PGP users

Discussion in 'other security issues & news' started by ljc1174, Sep 6, 2002.

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  1. ljc1174

    ljc1174 Registered Member

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    This may already be known, but I haven't seen any posting on it, so forgive me if this is old news.
    I noticed a post with PGP and felt the need to share. I just noticed the link on my homepage for one of the news articles, anyway, like I said, if it's old and already known forgive my slowness.

    File-name flaw threatens PGP users

    Security-consulting firm Foundstone said Thursday that e-mail messages encrypted with the Pretty Good Privacy program can be used as digital bullets to attack and take control of a victim's computer.

    Because of a flaw in the way PGP handles long file names in an encrypted archive, an attacker could "take control of the recipient's computer, elevating his or her privileges on the organization's network," Foundstone said in an advisory.

    see link for complete story
    http://msn-cnet.com.com/2100-1001-956815.html?type=pt&part=msn&tag=cdf&form=base&subj=cn_fd
     
  2. Paul Wilders

    Paul Wilders Administrator

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    Hi Lori,

    No need to apologize - and thanks for posting! ;).

    IMHO NAI only screwed PGP - reason the more to stick to the old "Zimmermann" versions, like 6.5.1 or the .ckt versions.

    Things most probably will change for the better as new releases are concerned, now Zimmermann is involved once more, and NAI no longer being involved.

    regards.

    paul
     
  3. the Tester

    the Tester Registered Member

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    That was very informative Paul and Lori.I have heard of PGP,but I am not at all familiar with it.At any rate,I'll steer clear of that program for now.Thank you for the info.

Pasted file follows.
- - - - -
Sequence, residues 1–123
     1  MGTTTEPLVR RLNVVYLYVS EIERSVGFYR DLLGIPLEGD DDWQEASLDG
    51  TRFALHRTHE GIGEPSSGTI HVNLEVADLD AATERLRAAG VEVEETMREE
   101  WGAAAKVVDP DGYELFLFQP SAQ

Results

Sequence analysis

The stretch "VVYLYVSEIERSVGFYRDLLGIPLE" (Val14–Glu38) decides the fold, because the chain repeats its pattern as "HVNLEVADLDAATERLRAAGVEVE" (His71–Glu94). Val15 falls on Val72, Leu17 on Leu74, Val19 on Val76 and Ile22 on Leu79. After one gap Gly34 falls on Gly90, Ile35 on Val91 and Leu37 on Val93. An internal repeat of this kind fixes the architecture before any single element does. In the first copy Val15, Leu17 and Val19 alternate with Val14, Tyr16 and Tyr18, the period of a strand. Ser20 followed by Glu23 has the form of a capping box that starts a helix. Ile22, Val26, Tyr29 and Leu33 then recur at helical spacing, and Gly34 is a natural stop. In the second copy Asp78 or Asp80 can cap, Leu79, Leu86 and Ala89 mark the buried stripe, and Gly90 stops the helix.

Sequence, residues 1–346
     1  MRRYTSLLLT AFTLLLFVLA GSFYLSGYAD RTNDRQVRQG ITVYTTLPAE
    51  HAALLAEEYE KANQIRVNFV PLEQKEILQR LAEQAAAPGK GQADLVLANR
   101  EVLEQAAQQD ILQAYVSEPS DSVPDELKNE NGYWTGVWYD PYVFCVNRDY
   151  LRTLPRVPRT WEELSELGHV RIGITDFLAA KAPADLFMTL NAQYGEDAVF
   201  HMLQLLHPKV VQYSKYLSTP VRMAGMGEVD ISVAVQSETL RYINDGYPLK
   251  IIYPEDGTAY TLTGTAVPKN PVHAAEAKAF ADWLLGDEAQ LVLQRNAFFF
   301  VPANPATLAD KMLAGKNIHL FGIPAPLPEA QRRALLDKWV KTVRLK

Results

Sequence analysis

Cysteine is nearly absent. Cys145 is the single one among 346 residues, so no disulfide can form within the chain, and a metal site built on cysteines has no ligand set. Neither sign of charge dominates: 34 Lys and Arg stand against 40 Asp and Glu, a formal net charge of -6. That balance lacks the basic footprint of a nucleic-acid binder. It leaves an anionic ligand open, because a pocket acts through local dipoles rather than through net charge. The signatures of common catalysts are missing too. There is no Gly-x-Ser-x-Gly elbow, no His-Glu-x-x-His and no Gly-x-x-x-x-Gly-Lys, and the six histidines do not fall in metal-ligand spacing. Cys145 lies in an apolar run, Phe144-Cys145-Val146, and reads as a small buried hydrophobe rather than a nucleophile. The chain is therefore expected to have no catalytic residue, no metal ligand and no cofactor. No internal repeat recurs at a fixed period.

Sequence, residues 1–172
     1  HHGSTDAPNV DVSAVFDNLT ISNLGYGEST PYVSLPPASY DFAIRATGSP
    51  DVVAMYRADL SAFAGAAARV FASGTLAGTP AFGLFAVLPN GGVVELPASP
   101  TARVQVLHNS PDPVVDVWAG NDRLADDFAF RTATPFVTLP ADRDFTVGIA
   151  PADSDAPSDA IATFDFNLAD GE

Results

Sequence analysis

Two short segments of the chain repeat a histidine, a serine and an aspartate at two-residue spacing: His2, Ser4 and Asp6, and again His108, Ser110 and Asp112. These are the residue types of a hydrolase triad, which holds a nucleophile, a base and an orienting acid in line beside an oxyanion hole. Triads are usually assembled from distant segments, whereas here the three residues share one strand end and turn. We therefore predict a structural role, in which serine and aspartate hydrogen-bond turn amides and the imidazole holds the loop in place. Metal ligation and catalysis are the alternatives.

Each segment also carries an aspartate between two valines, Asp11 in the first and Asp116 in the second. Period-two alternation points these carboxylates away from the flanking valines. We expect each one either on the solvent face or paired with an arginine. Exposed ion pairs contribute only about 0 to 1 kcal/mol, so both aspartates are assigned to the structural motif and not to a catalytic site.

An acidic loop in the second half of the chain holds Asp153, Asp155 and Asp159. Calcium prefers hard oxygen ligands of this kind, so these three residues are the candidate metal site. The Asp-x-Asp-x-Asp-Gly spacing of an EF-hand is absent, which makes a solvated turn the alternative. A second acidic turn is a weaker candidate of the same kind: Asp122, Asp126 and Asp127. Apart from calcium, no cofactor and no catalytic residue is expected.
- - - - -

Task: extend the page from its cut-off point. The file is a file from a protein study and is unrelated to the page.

4. other members may be interested in this article.


    Underflow of búfer in PGP 7.1.1
    http://www.vsantivirus.com/vul-pgp711.htm

    By VSAntivirus Writing
    vsantivirus@videosoft.net.uy

    Warning of security: Underflow of búfer in PGP 7.1.1
    Original name: Remotely Exploitable Overflow Buffer in PGP
    Original date: 5/set/02
    Vulnerable application: PGP Corporate Desktop 7.1.1
    Severity: Burden
    Risk: Remote execution of revealed code and of passwords
    Reference: http://www.foundstone.com/advisories


    A new vulnerability in PGP (Pretty Good Privacy), the popular software of encriptación and coding, allows that an attacker can execute any code in remote form in the computer of that she has installed version 7,1,1 of this application.

    The fault takes place, because noncertifica PGP in all the cases, the length in the name of a file that it is processing.

    This allows that the program fails when the user tries to codify or to desencriptar a document with an excessively long name.

    An attacker could operate this fault in his favor, creating a file name of certain length and format, codifying the document with the public key of the victim, and soon commanding to him to this one this file like associate in an electronic message.

    When the victim tried to desencriptar this file, the excessively long name would surpass the size in the buffer assigned by PGP for its process, causing an underflow of búfer, and what is more critical, executing any code that the attacker has including.

    In certain conditions, this also allows to reveal the password of the attacked user, because the same one is at certain moment in memory, in flat format (that is readable), and is not erased if PGP is hung before it.

    An attacker can use some appropriate tool to capture and soon to be sent to if same these data.

    The attack takes advantage of one of the characteristics that make the cryptographic utilities like PGP so efficient and popular, the availability in Internet of lists with the public keys of the users.

    (more info at the link)
     
  5. puff-m-d

    puff-m-d Registered Member

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    Location:
    North Carolina, USA
    Hello all,

    The best choice IMHO is to use PGP 6.5.8 ckt 09 beta 3. It is very stable (even on XP machines) and these vulnerabilities do not apply to this version.

    You can find it here:
    http://freepages.computers.rootsweb.com/~irfaiad/

    Regards,
    Kent
     
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